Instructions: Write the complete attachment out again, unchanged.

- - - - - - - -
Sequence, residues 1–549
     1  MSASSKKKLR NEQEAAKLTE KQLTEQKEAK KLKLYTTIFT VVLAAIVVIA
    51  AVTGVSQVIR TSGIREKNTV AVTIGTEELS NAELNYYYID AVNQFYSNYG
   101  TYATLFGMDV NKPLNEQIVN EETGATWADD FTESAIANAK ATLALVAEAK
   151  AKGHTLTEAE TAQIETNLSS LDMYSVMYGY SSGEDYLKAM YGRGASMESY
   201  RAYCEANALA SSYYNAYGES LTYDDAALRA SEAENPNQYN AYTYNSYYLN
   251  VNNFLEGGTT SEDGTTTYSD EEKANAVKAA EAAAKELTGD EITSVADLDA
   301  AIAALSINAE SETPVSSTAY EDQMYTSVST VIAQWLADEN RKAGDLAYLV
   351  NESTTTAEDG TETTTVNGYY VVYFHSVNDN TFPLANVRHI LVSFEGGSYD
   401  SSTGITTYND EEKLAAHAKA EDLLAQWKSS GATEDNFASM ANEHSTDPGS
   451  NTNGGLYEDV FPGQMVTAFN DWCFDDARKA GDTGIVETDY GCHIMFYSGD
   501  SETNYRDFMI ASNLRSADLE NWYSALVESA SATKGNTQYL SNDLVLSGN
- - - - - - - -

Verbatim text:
Sequence, residues 1–549
     1  MSASSKKKLR NEQEAAKLTE KQLTEQKEAK KLKLYTTIFT VVLAAIVVIA
    51  AVTGVSQVIR TSGIREKNTV AVTIGTEELS NAELNYYYID AVNQFYSNYG
   101  TYATLFGMDV NKPLNEQIVN EETGATWADD FTESAIANAK ATLALVAEAK
   151  AKGHTLTEAE TAQIETNLSS LDMYSVMYGY SSGEDYLKAM YGRGASMESY
   201  RAYCEANALA SSYYNAYGES LTYDDAALRA SEAENPNQYN AYTYNSYYLN
   251  VNNFLEGGTT SEDGTTTYSD EEKANAVKAA EAAAKELTGD EITSVADLDA
   301  AIAALSINAE SETPVSSTAY EDQMYTSVST VIAQWLADEN RKAGDLAYLV
   351  NESTTTAEDG TETTTVNGYY VVYFHSVNDN TFPLANVRHI LVSFEGGSYD
   401  SSTGITTYND EEKLAAHAKA EDLLAQWKSS GATEDNFASM ANEHSTDPGS
   451  NTNGGLYEDV FPGQMVTAFN DWCFDDARKA GDTGIVETDY GCHIMFYSGD
   501  SETNYRDFMI ASNLRSADLE NWYSALVESA SATKGNTQYL SNDLVLSGN